He was unaware that a term had since been coined to describe that mythical wall. “Avoision” is a word which refers to the unclear position of whether an arrangement constitutes lawful avoidance or illegal tax evasion.
Today, no professional tax adviser worth his salt will endeavour to rely on the judicial dictates of these law lords, however logical they may sound. This is because tax authorities everywhere are engaging in wide-ranging measures designed to reign in what they regard as unacceptable tax avoidance.
Thus companies operating in more than one country are more than likely to come up against Transfer Pricing rules and General Anti-Avoidance Rules (GAAR).
Transfer pricing rules have become almost an international norm widely used by states with two aims in mind across borders to guard against erosion of their respective tax base and internally to curb unacceptable tax avoidance.
GAAR, on the other hand, are broad rules targeted at unacceptable tax avoidance which is to be distinguished from acceptable tax avoidance (tax planning or tax minimisation). This distinction is central to any general anti-avoidance rule. A transaction coming within the ambit of such a rule will be void for tax purposes although valid for other purposes.
These general anti-avoidance rules are invariably framed in such broad terms that they in effect give revenue authorities broad administrative discretion. This approach has been criticised in some countries (Canada) as being unacceptable “because it is perceived to be contrary, at least in spirit, to the rule of law.”
Interestingly, while many tax systems have adopted the general anti-avoidance provision, the UK does not have such a provision. It relies on the interpretation of its courts, which can itself pose problems as Lord Simon of Glaisdale had observed. “ for the courts to try to stretch the law to meet hard cases is not merely to make bad law but to run the risk of subverting the rule of law itself.”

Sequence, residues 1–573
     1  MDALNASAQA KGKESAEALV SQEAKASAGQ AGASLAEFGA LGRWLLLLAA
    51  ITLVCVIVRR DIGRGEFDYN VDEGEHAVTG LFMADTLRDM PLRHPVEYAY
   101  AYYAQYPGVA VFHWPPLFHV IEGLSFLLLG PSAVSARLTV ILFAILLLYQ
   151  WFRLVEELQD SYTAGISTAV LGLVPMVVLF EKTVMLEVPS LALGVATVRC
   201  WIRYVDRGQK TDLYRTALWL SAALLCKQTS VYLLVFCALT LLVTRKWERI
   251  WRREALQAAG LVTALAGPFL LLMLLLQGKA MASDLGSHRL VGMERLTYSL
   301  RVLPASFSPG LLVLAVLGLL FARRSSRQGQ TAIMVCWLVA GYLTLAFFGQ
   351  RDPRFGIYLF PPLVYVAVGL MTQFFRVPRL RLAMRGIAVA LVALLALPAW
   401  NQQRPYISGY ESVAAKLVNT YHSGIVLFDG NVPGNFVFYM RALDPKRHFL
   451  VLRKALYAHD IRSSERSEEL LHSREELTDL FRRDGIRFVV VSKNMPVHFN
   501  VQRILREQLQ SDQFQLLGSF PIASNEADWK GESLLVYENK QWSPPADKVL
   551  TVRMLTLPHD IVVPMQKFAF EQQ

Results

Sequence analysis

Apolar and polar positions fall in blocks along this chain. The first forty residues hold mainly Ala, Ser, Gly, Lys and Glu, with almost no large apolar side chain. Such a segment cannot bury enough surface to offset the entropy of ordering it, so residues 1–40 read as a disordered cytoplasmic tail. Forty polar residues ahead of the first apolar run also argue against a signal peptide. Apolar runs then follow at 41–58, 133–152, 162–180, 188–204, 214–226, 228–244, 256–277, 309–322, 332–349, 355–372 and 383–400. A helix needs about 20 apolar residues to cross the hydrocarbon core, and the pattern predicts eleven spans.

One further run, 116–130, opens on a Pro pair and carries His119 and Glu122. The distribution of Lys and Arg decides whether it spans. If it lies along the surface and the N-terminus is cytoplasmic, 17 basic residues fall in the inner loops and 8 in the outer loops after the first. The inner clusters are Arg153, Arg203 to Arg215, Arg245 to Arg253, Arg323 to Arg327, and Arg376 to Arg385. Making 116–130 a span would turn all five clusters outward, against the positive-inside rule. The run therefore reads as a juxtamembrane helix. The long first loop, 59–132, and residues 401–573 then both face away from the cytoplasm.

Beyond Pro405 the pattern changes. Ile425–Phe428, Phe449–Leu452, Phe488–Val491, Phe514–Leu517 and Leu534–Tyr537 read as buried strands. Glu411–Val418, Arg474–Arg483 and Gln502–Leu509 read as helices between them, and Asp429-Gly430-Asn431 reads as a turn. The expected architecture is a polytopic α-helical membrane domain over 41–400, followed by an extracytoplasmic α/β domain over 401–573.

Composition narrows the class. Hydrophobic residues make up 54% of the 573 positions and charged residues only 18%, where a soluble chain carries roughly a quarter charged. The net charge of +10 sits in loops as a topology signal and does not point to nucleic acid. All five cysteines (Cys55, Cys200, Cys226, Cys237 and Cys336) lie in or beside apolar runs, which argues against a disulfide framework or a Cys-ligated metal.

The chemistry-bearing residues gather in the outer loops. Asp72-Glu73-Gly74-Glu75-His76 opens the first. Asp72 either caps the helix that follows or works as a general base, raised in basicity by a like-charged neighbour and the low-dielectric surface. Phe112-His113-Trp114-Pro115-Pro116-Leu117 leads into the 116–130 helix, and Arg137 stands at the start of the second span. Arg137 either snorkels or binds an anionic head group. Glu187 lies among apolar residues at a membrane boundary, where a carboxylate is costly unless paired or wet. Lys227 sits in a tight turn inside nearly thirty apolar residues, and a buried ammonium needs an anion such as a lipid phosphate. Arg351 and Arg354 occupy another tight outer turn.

There will be those who would argue that morality has no place in taxation. If it is legal for one to avoid paying more than what the law says, then that should be the end to it. To then decry tax avoidance as unacceptable is tantamount to confounding the laws of logic; something cannot be both true and not true.
On the other hand, the moral stance stems from viewing all modern tax systems as involving our individual sense of trust. The historian Tony Judt says that we pay our taxes because we trust our fellow citizens to pay their share as well. Tax avoidance could be said to be when that trust is betrayed.
The debate will continue even if UK Prime Minister David Cameron appeared to have the last word on the Starbucks saga. He was quoted as saying that he was going to make sure that corporations pay their fair share of taxes. No one will be betting that he will not bring GAAR into the UK tax laws. Kang Beng Hoe is an executive director of Taxand Malaysia Sdn Bhd, a member firm of Taxand. The views expressed do not necessarily represent those of the firm. Readers should seek specific professional advice before acting on the views. The writer can be contacted at email@example.com